# Explaination vs. Prediction

Again, some older post I had lying around. Nonetheless, the topic is still prevalent.

I recently read a great paper named To Explain or To Predict? by Galit Shmueli. She explains the differences between the “old-school” explanatory statistics and predictive statistics. I saw lots of her observations by myself.

That means predictions are often regarded as unscientific and therefore there’s a bit of a lack of good literature – lately the situation became better with the uprising of machine learning.
Nonetheless, most students don’t learn how to make predictions and you see how people use $R^2$ to validate models.

Sure, there are some departments that teach how to predict but they are still in the minority. Of course, there’s this other trend with Big Data. I’m personally not really excited by Big Data rather by data at all.

I wrote this post more than 2 years ago. Now machine learning became some kind of commodity on a smaller level and something strange happened. Some of the people who work with data but didn’t learn good statistical techniques started to try to explain data which is pretty terrible. It even seems that they try to reinvent statistics. I read a post yesterday called Why big data is in trouble: they forgot about applied statistics which captured this pretty nicely.

The table at the bottom is just unbelievable. It lists different fields and the application of “big data” or “data science”. They also list that in 2012 they finally start to enter fields like biology, economics, engineering, etc. Which is more sad than hilarious. So yeah, I didn’t expect this turn.

Furthermore, I saw more and more “data science” boot camps / programs popping up. Still neglecting statistical foundations. Resulting in even more terrible studies. This trend will probably follow the Gartner Hype Cycle. As far as I can tell the peak is already reached, now it will begin to be disappointing and in a few years actually reach its plateau. Here the latest Hype Cycle from July 2013:

I see the term “prescriptive analytics” on there and just looked it up. It’s astonishing that people reinvent new terms for so much stuff and it still works. Even stuff like business intelligence is basic statistics, then came predictive analysis (still statistics), data science (hey statistics), now prescriptive analytics (still statistics).

I just have to quote one of my favorite quotes on this topic:

Someone (can’t recall the source, sorry) recently defined “data scientist” as “a data analyst who lives in California.” —baconner

# #18/25: Statistics for technology

I love reading great books about statistics and Christoper Chatfield is probably one of the greatest educators in statistics. Statistics for technology is a great introduction in statistics which isn’t too theoretical. I won’t provide a summary because these topics are rather rudimentary. However, I found some interesting things in this book, e.g.

A scientific experiment has some or all of the following characteristics.

1. The physical laws governing the experiment are not entirely understood
2. The experiment may not have been done before, at least successfully
3. There are strong incentives to run the smallest number of the cheapest tests as quickly as possible
4. The experimenter may not be objective, as for example when an investor tests his own invention or when a company tests competitive products
5. Experimental results are unexpected or disappointing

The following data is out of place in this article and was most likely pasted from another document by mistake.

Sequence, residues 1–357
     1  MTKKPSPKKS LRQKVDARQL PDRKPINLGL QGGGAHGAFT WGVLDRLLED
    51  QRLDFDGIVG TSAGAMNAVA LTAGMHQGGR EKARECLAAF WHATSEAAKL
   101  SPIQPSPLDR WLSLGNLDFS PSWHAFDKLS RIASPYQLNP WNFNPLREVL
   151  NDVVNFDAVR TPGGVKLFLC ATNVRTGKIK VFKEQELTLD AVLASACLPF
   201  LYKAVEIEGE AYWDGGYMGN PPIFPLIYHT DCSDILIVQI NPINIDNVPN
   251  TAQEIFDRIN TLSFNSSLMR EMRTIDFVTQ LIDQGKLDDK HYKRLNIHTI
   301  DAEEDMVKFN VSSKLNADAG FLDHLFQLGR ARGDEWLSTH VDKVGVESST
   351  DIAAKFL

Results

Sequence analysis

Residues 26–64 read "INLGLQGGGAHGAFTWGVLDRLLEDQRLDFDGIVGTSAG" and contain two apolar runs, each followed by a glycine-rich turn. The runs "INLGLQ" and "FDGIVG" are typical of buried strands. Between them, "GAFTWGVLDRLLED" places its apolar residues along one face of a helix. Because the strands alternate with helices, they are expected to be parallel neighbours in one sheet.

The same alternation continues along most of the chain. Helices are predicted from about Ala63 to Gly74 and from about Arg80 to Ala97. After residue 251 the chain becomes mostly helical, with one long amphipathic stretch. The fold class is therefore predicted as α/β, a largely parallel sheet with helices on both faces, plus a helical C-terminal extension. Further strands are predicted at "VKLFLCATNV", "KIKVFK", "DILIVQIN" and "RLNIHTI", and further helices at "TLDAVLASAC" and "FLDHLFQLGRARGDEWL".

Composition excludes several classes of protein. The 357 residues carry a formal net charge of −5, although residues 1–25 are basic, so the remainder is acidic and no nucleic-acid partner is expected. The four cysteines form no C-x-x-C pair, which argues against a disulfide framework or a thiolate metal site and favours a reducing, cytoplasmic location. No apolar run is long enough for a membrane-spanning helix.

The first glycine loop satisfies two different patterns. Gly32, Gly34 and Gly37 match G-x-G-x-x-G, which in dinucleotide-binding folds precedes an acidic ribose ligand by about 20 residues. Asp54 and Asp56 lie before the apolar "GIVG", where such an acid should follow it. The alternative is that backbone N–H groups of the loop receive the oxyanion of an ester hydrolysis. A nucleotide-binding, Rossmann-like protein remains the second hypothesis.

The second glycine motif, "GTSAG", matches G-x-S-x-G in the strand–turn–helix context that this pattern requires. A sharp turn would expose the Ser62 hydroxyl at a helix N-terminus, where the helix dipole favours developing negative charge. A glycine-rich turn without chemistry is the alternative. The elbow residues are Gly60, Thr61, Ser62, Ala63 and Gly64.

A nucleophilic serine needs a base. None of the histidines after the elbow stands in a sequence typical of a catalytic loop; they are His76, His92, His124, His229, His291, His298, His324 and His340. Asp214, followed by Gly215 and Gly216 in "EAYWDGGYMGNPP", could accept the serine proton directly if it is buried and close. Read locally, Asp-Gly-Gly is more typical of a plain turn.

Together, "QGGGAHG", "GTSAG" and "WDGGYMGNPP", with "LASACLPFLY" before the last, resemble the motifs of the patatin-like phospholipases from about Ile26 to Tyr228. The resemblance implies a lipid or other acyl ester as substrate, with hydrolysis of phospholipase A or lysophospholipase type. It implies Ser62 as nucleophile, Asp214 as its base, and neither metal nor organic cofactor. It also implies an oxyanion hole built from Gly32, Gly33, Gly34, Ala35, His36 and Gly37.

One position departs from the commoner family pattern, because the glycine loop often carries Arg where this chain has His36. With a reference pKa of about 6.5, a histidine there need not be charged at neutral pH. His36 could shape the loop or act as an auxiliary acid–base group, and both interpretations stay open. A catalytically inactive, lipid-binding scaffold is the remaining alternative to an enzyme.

6. Although experimental uncertainty may be present, many industrial situations require decisions to be made without additional testing or theoretical study

It is often equally important to know how spread out the data is. For example suppose that a study of people affected by a certain disease revealed that most people affected were under two years old or over seventy years old; then it would be very misleading to summarize the data by saying ‘average age of persons affected is thirty-five years’.

There are some great examples in this book which make statistics for students more interesting in my opinion. The examples are rather technical which is obvious reading the title.

All in all, I can recommend this book if you are want to learn a bit about (technical) statistics. Great book!!

# #6/25: Problem Solving: A statistician’s guide

Rules:

1. Do not attempt to analyse the data until you understand what is being measured and why. Find out whether there is any prior information about likely effects.
2. Find out how the data were collected.
3. Look at the structure of the data.
4. The data then need to be carefully examined in an exploratory way, before attempting a more sophisticated analysis.
5. Use your common sense at all times.
6. Report the results in a clear, self-explanatory way.

Thus a statistician needs to understand the general principles involved in tackling statistical problems, and at some stage it is more important to study the strategy of problem solving rather than learn yet more techniques (which can always be looked up in a book).

• What’s the objective? Which aim? What’s important and why?
• How was the data selected? How is its quality?
• How are the results used? Simple vs. complicated models
• Check existing literature => can make the study redundant or helps to do a better data collection and don’t repeat fundamental errors

collecting

• Test as much as possible in your collection, i.e. pretesting surveys, account for time effects, order of different studies, etc.
• Getting the right sample size is often also difficult; sometimes it is too small, other times it is too large; esp. medical research often have rule of thumbs like 20 patients, instead of proper sizes => Tip: look for previous research
• Try to iterative over and over again to make the study better